A combination of naltrexone and bupropion was helpful in slightly reducing drug use for those struggling with methamphetamine use disorder, according to a double-blind, placebo-controlled study.
During the 12-week trial, 13.6% of participants treated with 380-mg extended-release injectable naltrexone (Vivitrol) every 3 weeks plus 450 mg/day of oral extended-release bupropion (Wellbutrin) had at least three methamphetamine-negative urine samples versus only 2.5% of those who were on placebo (11.1% weighted difference, P<0.001), reported Madhukar Trivedi, MD, of the University of Texas Southwestern Medical Center in Dallas, and colleagues.
Those on combination naltrexone and bupropion also had a nearly 10% lower weekly methamphetamine craving score on the visual analog scale, the group wrote in the New England Journal of Medicine.
Additionally, the treatment group had a modest 1% lower depression score on the Patient Health Questionnaire 9 scale and a 4% higher score on the Treatment Effectiveness Assessment, which specifically measures reduced substance use and improvements in lifestyle, health, and community and interpersonal interactions.
“The participants in our trial were severely affected by methamphetamine use disorder, with almost daily use before entry into the trial,” the researchers noted, adding that there is currently no FDA-approved medication indicated for the treatment of this disorder.
Naltrexone, an opioid-receptor antagonist, has already been established as an effective treatment for opioid use disorder. The atypical antidepressant bupropion, a norepinephrine-dopamine reuptake inhibitor, is currently indicated for major depression and smoking cessation and is thought to reduce feelings of dysphoria associated with methamphetamine withdrawal.
In the first stage of the trial, a total of 403 individuals with moderate or severe methamphetamine use disorder were randomly assigned in a 0.26:0.74 ratio to receive combination naltrexone and bupropion or a placebo injectable-oral combination for 6 weeks. The majority of the study participants were white men.
In this stage, 16.5% (18 of 109) of participants in the active treatment group had a treatment response, defined as at least three methamphetamine-negative urine samples out of four samples at the end of 6 weeks. In contrast, only 3.4% (10 of 294) of those on placebo had achieved this same treatment response.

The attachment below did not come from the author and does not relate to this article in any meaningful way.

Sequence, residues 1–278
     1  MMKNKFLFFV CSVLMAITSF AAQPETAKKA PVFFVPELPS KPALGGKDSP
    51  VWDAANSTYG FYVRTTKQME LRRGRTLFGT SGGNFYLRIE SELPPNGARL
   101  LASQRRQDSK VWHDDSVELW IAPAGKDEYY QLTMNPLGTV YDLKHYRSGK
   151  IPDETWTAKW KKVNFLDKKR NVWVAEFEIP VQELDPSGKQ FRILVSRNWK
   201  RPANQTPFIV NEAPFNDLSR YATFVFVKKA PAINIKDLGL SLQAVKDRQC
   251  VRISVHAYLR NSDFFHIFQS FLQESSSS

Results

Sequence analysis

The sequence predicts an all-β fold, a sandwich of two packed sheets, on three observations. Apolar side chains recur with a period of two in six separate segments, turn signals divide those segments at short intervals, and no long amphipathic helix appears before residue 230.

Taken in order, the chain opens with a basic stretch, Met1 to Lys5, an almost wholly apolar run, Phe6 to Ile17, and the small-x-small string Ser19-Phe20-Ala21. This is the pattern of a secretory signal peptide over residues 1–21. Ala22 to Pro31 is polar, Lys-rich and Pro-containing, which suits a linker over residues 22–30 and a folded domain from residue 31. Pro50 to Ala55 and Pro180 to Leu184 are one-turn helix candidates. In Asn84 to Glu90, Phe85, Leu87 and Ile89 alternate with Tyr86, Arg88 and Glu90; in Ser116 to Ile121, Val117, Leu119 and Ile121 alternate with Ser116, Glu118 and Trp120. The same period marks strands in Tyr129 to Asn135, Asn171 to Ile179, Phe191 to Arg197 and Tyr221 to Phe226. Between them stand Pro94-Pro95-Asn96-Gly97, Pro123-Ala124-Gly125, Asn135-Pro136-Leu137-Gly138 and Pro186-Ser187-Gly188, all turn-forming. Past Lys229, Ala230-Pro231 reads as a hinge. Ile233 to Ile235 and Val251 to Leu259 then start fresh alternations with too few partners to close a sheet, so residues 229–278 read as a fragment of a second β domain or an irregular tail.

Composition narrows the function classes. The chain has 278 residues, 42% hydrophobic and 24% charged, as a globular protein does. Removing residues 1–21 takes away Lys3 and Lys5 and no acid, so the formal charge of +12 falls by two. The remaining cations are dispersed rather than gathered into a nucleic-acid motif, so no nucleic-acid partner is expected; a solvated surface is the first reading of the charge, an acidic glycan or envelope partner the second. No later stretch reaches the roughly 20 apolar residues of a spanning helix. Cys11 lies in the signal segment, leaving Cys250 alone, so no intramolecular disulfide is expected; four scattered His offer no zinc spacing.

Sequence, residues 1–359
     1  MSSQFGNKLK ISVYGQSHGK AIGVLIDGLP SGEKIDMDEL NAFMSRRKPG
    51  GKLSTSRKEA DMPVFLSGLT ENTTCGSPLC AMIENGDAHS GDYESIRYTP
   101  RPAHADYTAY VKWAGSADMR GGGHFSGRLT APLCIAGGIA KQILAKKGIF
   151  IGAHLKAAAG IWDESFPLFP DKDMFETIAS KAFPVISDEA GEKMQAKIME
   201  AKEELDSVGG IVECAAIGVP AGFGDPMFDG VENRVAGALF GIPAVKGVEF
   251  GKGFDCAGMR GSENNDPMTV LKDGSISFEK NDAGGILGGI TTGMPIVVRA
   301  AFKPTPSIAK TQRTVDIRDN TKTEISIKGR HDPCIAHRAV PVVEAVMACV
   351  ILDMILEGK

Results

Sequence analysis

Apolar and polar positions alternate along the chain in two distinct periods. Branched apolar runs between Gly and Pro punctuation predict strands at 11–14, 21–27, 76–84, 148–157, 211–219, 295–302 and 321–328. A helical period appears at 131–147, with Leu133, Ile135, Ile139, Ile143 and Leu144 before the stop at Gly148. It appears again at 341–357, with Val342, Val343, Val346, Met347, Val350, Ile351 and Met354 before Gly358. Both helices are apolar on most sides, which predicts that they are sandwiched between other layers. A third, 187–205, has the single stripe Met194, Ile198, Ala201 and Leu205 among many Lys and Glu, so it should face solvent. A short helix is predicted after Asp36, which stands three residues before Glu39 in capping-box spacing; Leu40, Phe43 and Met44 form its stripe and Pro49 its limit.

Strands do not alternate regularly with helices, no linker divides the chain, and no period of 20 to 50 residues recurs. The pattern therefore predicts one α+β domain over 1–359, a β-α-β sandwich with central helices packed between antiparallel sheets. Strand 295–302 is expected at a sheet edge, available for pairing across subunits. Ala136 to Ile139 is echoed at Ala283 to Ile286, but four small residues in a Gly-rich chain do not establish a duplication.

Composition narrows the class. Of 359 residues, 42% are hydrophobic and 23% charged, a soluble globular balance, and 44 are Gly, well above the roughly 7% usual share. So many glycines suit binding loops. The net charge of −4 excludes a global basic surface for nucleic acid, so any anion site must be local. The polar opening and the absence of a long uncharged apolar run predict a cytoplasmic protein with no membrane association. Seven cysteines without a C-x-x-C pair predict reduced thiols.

From there, the researchers re-randomized participants from the placebo group who didn’t have this treatment response in a 1:1 ratio to receive naltrexone plus bupropion or placebo for another 6 weeks. In this second stage, which included 225 participants, 11.4% (13 of 114) of the participants in the treatment group achieved a response — at least three methamphetamine-negative urine samples — while only 1.8% (2 of 111) of those on placebo achieved this response.
During both trial stages, the participants came into the clinic twice a week to provide urine samples. Samples were vetted for validity based on temperature (between 90° to 100°F).
Overall, the rate of serious adverse events was low with the treatment, occurring in only 3.6% of those who received naltrexone-bupropion. The most common adverse events reported were gastrointestinal disorders (nausea, vomiting, and constipation), nervous system-related symptoms like tremor and headache, and psychiatric symptoms like anxiety and anorexia, as well as malaise and hyperhidrosis.
“Replication of our trial results in a more naturalistic effectiveness design could be a next step,” Trivedi’s group suggested.
A low inclusion of women and participant self-reporting of the oral bupropion half of the treatment regimen were acknowledged as study limitations.
The study was supported by awards from the National Institute on Drug Abuse (NIDA) of the National Institutes of Health and by the Department of Health and Human Services. Alkermes provided Vivitrol and matched placebo free of charge under a written agreement with NIDA.
Trivedi reported relationships with AcademyHealth, Acadia, Alkermes, Allergan, Alto Neuroscience, Axsome Therapeutics, Boehringer Ingelheim, Vital Signs GreenLight, Janssen, Jazz Pharmaceuticals, Lundbeck, Medscape, Merck Sharp and Dohme, MSI Methylation Sciences, Myriad Neuroscience, Navitor, Otsuka, Oxford PharmaGenesis, Perception Neuroscience Holdings, Pharmerit International, Sage Therapeutics, Signant Health, Takeda Pharmaceuticals America, Applied Clinical Intelligence, Engage Health Media, Janssen Research & Development, Johnson & Johnson Health Care Systems, and the Patient-Centered Outcomes Research Institute. Other authors also reported disclosures.